- Appraised Value / Appraisal. One of the first steps in dealing with real estate issues in a divorce situation is to determine the value of the property. If you and your spouse are unable to agree on the current market value, there are several valuation methods that can be used. Obtaining an appraisal from a licensed appraiser should be the preferred method for establishing value.
- Documentation Required. Every divorce is a unique situation and the documentation requirements for obtaining mortgage financing will vary depending on the situation. You should be prepared to provide an executed copy of the final Divorce Settlement Agreement or other legal agreement; Proof of age for children whom child support is paid for; Proof of receipt of maintenance/support. Depending on the situation of your specific divorce, there may be a need for more or less documentation.
Why You Need a Certified Divorce Lending Professional (CDLP) on Your Professional Divorce Team.
A professional divorce team has a range of team players including the attorney, financial planner, accountant, appraiser, mediator and yes, a divorce lending professional. Every team member has a significant role in ensuring the divorcing client is set to succeed post-decree. Certified Divorce Lending Professionals bring the financial knowledge and expertise of a solid understanding of the connection between Divorce and Family Law, IRS Tax Rules and mortgage financing strategies as they all relate to real estate and divorce. Having a CDLP on your professional divorce team can provide you the benefit of:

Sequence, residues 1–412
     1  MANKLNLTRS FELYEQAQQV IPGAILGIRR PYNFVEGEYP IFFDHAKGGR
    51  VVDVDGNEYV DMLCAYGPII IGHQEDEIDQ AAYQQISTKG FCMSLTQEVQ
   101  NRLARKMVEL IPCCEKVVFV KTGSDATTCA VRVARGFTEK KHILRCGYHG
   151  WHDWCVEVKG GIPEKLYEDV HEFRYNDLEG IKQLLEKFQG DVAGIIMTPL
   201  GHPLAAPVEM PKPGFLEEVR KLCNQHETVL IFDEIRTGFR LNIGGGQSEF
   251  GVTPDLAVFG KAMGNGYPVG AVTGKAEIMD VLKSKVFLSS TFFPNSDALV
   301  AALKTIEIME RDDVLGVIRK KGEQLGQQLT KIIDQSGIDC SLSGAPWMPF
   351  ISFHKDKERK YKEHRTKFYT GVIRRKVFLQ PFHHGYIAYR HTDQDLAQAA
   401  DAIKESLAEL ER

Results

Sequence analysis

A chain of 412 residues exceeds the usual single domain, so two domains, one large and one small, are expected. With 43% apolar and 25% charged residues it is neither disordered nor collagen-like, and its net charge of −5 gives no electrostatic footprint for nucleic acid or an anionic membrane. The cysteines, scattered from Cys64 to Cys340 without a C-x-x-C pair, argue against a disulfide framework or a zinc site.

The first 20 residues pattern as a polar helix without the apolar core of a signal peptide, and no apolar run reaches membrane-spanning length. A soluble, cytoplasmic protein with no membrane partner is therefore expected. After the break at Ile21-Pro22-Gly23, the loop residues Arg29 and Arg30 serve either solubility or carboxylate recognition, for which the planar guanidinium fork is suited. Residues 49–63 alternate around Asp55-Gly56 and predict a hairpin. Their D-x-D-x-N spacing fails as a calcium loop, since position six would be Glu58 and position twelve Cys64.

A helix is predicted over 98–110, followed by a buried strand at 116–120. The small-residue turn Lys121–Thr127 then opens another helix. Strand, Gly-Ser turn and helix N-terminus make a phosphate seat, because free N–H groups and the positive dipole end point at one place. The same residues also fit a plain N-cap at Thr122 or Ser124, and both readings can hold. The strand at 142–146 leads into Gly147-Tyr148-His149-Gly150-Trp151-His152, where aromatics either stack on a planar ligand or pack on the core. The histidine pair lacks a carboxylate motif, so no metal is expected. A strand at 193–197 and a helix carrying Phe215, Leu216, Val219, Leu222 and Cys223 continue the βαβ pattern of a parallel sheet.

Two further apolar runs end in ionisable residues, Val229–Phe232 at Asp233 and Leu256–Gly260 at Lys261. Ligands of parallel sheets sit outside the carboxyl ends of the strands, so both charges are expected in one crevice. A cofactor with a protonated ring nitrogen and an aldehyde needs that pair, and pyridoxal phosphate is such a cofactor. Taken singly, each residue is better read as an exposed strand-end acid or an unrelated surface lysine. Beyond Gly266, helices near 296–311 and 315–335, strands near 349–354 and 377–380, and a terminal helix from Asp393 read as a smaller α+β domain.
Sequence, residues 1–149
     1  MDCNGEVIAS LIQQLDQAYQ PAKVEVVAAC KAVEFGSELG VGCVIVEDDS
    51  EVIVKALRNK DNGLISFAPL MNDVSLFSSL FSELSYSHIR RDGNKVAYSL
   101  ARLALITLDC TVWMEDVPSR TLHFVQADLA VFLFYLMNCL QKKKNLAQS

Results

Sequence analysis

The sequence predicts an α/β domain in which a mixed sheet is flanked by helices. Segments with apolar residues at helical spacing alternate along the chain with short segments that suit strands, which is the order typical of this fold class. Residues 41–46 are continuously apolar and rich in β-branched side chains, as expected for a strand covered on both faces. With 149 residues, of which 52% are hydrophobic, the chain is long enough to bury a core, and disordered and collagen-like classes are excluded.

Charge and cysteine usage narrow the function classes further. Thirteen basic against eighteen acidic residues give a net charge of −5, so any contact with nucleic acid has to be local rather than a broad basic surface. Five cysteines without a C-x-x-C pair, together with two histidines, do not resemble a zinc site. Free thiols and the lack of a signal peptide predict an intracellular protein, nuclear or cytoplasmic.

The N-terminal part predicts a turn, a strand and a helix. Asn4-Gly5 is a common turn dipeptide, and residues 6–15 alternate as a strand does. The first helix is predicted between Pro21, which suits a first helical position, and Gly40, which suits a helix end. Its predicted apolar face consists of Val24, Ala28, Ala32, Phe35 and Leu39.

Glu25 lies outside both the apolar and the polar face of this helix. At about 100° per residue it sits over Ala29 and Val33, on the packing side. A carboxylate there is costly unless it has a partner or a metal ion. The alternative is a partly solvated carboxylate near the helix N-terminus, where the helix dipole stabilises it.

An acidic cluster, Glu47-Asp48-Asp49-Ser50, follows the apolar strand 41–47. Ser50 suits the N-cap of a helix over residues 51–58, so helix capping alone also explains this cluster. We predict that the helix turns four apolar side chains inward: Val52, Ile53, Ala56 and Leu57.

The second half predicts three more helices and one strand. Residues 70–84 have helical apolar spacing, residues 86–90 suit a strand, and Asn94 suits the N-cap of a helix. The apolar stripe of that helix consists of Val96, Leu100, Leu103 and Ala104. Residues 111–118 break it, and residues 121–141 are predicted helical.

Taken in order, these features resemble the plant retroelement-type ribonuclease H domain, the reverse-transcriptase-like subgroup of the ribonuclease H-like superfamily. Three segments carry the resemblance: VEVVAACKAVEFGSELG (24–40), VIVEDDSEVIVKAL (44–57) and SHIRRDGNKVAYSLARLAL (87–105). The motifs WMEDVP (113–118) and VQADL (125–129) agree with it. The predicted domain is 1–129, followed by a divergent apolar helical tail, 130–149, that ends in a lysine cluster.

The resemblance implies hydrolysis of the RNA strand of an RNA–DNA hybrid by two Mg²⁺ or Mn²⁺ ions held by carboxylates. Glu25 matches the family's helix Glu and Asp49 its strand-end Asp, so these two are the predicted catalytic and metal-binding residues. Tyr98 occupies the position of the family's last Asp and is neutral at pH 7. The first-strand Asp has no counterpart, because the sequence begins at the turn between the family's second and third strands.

- A CDLP is skilled in specific mortgage guidelines as they pertain to divorcing clients.
- A CDLP is able to identify potential concerns with support/maintenance structures that may conflict with mortgage financing opportunities.
- A CDLP is able to recommend financing strategies to help divorcing clients identify mortgage financing opportunities for retaining the marital home while helping to ensure the ability to achieve future financing for the departing spouse.
- A CDLP is qualified to work with divorce professionals in a collaborative setting.
- A CDLP can provide opportunities in restructuring a real estate portfolio to increase available cash flow when needed.
The role of a CDLP is to help not only you as the divorcing client but also the attorney and financial planner understand the opportunities available, as well as the challenges divorce, can bring to mortgage financing during and after the divorce. When the CDLP is involved during the divorce process and not after the fact, many potential financing struggles can be avoided with valuable and educated input from the Certified Divorce Lending Professional.
This is for informational purposes only and not for the purpose of providing legal or tax advice. You should contact an attorney or tax professional to obtain legal and tax advice. Interest rates and fees are estimates provided for informational purposes only and are subject to market changes. This is not a commitment to lend. Rates change daily – call for current quotations.
Always work with a Certified Divorce Lending Professional (CDLP) when going through a divorce and real estate or mortgage financing is present.
Copyright 2019 Divorce Lending Association. No portion of this post may be reproduced without the written consent of the Divorce Lending Association.